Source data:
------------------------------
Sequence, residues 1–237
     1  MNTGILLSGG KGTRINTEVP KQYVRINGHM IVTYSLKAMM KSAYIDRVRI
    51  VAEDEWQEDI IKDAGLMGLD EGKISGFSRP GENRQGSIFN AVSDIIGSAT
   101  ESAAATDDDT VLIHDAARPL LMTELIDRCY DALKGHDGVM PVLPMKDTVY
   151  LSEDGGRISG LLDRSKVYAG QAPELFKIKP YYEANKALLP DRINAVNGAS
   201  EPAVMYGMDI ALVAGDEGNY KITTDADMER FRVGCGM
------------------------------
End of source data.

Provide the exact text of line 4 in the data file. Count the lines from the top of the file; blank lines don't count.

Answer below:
   101  ESAAATDDDT VLIHDAARPL LMTELIDRCY DALKGHDGVM PVLPMKDTVY